Why yes! there is penetration, and some interesting artifacts such as telescopes, engine room gauges, and various cargos still in pristine condition.   Fortunately, these era time pieces are protected by law and generally not looted by fellow divers.



#9 Stoo

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Posted 12 January 2016 - 10:57 AM

Steve/Pete, you have some great shots there! Friends of mine travel to PI annually, but I have yet to make the trip from Tobermory! It looks spectacular.

 

So many people seem to thing that great diving has to be in warm water. Last year, I travelled to both the east and west coasts of Canada as well as a few spots in the Great Lakes and St. Lawrence. Personally, I love cold water diving, plus you can hang your beer in a bag off of the boat and it comes up "just right"! :-)



#10 TimG

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Posted 12 January 2016 - 11:15 AM

Wow, some cracking pics here - really nice work. 

 

It does look damn cold down there though!


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#11 petemes

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Posted 12 January 2016 - 05:02 PM

Steve/Pete, you have some great shots there! Friends of mine travel to PI annually, but I have yet to make the trip from Tobermory! It looks spectacular.

 

So many people seem to thing that great diving has to be in warm water. Last year, I travelled to both the east and west coasts of Canada as well as a few spots in the Great Lakes and St. Lawrence. Personally, I love cold water diving, plus you can hang your beer in a bag off of the boat and it comes up "just right"! :-)

Hi Stoo,

 

I am super excited to make other trips round the Lakes, Tobermory, Isle Royale, Two Rivers, Milwaukee, Whitefish etc etc. You are so right about cold water diving. I guess anyone if given the option will want to go for the 30ºC water but people shouldnt discount colderwater dives. There are cracker sights to be enjoyed and the water temp is a slight logistic to think about avoiding freezing your balls off! Want to give that Gunuilda a nudge too!! Cant wait!

 

Pete



#12 petemes

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Posted 12 January 2016 - 05:04 PM

Wow, some cracking pics here - really nice work. 

 

It does look damn cold down there though!

Thanks for your kind words Tim, No hiding though it is cold. But I thought I wouldnt be able to handle the colder waters. But with proper gear, dry gloves etc it didnt ever become a problem. We were doing on average 100min dives.

 

Pete



#13 TimG

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Posted 12 January 2016 - 10:34 PM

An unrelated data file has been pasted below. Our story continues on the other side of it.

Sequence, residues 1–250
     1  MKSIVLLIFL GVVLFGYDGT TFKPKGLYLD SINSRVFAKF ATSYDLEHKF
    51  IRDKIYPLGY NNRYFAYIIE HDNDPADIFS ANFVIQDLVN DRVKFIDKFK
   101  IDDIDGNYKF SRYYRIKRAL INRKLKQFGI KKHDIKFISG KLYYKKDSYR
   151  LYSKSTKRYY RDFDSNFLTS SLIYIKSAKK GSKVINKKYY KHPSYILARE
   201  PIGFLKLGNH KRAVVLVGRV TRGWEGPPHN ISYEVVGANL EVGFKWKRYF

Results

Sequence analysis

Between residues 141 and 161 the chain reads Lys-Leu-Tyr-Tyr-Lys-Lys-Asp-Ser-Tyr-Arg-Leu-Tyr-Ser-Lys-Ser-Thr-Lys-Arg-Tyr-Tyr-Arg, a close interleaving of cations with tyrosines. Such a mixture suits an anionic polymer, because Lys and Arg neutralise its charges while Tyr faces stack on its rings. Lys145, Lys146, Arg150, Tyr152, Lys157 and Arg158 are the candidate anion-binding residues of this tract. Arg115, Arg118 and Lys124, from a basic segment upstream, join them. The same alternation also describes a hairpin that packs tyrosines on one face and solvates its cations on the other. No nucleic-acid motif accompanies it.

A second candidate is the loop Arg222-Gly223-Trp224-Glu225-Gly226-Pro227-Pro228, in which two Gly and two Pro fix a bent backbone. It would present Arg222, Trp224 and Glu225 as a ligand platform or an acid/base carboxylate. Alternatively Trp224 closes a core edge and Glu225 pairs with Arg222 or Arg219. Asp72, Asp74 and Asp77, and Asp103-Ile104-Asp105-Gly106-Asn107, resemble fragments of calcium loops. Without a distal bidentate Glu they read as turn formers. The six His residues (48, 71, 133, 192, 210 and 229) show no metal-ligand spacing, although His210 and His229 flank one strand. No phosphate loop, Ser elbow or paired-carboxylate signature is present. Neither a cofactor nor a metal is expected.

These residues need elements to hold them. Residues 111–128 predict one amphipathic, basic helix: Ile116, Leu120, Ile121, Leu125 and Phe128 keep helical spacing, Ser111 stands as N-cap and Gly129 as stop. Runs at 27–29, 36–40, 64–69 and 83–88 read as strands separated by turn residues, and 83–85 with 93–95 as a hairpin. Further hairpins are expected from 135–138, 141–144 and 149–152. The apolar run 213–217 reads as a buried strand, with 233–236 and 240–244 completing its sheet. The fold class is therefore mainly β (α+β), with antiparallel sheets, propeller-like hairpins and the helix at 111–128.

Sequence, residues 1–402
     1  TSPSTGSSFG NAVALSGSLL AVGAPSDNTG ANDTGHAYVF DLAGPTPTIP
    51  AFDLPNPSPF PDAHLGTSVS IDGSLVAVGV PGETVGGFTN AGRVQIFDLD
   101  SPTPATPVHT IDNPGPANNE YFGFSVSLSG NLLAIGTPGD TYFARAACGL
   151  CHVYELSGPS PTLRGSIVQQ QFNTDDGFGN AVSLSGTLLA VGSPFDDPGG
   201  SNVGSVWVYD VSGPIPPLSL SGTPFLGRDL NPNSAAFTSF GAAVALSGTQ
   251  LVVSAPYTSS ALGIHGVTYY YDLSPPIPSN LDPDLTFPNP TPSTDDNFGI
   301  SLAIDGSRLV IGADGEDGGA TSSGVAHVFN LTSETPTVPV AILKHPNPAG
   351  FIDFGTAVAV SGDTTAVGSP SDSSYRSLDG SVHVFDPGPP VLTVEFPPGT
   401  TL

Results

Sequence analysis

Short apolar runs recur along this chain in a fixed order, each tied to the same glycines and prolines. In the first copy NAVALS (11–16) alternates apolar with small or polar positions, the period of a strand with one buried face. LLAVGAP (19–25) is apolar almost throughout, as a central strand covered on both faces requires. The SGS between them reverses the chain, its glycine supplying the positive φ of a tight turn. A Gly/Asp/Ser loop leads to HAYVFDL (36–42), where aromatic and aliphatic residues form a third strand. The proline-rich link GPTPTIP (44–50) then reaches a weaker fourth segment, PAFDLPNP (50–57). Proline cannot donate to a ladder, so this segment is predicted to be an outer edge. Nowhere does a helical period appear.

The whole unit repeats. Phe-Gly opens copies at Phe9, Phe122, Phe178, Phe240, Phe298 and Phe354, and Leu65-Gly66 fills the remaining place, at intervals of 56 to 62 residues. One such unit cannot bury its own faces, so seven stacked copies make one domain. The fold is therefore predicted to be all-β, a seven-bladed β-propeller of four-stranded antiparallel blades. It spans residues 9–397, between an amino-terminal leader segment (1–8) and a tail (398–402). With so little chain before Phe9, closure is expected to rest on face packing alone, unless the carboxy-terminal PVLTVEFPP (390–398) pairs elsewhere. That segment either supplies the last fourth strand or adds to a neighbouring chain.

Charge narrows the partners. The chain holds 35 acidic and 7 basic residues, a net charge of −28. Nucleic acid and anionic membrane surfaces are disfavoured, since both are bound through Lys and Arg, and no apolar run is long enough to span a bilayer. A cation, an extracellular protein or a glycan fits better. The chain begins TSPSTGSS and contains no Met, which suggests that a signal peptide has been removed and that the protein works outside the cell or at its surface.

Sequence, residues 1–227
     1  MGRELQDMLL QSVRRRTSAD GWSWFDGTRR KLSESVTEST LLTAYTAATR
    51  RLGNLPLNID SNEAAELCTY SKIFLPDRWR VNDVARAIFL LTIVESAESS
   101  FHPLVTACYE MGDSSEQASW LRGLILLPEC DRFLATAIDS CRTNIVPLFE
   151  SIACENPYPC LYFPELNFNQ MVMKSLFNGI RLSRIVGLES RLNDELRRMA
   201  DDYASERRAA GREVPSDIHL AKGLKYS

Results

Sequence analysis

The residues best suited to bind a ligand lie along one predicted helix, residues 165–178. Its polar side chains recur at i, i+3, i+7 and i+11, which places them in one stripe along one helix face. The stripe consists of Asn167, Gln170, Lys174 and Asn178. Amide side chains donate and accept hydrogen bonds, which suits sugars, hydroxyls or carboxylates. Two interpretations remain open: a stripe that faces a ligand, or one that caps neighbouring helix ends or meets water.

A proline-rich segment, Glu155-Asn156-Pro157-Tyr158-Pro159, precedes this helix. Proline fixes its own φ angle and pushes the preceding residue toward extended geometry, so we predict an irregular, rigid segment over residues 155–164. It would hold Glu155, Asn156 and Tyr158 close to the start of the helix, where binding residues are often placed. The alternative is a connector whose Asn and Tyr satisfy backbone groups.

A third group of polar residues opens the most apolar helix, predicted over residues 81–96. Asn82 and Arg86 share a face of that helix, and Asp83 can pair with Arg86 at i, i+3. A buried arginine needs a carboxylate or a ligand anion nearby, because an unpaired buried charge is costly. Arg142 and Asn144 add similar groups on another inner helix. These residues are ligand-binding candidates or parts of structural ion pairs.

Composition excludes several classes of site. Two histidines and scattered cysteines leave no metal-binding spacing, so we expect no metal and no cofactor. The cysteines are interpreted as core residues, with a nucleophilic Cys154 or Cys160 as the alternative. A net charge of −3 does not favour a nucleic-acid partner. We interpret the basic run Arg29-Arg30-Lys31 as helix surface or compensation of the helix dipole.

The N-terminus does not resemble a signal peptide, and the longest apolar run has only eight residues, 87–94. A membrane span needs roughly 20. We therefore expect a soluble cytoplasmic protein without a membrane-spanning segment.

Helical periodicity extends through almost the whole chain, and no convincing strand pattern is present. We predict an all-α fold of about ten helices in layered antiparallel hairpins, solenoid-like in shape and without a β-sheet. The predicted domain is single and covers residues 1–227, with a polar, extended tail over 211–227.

Thanks for your kind words Tim, No hiding though it is cold. But I thought I wouldnt be able to handle the colder waters. But with proper gear, dry gloves etc it didnt ever become a problem. We were doing on average 100min dives.

 

Pete

 

 

100 mins in that temperature? Clearly they breed then tough around you!

 

As for that cold post-dive beer, you could make mine a mega-hot chocolate  :lol2:


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#14 petemes

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Posted 14 January 2016 - 02:15 PM

 

 

100 mins in that temperature? Clearly they breed then tough around you!

 

As for that cold post-dive beer, you could make mine a mega-hot chocolate  :lol2:

Mainline infused!



#15 the_dragon_no1

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Posted 14 January 2016 - 03:32 PM

Great lakes = Bucket list!!! Nice shots here!

#16 Tom_Kline

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Posted 14 January 2016 - 04:35 PM

Great images! The divers provide a very nice sense of scale too.


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#17 davephdv

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Posted 14 January 2016 - 10:40 PM

Very nice. Grew up in Michigan and learned to dive there. Before I could afford a camera.

If you can dive there, you can dive anywhere.
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#18 petemes

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Posted 16 January 2016 - 04:40 PM

Very nice. Grew up in Michigan and learned to dive there. Before I could afford a camera.

If you can dive there, you can dive anywhere.

Its a beautiful part of the world alright. Just finding my feet there and really looking forward to spending August each year exploring the Great Lakes. 

 

Pete



#19 Hubby63

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Posted 26 August 2016 - 06:44 PM

Although this thread started in January, I thought I would add a few pics of this years trip with Lust4Rust.co to a wreck called the Gunilda, on the North Shore of Lake Superior. She was a mega yacht that sank in 1911 after running aground on a shoal and is possibly the most beautiful wreck in the great lakes!
 
 
 

 

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Edited by Hubby63, 26 August 2016 - 07:39 PM.


#20 Hubby63

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Posted 26 August 2016 - 07:45 PM

a few more

 

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Edited by Hubby63, 26 August 2016 - 07:46 PM.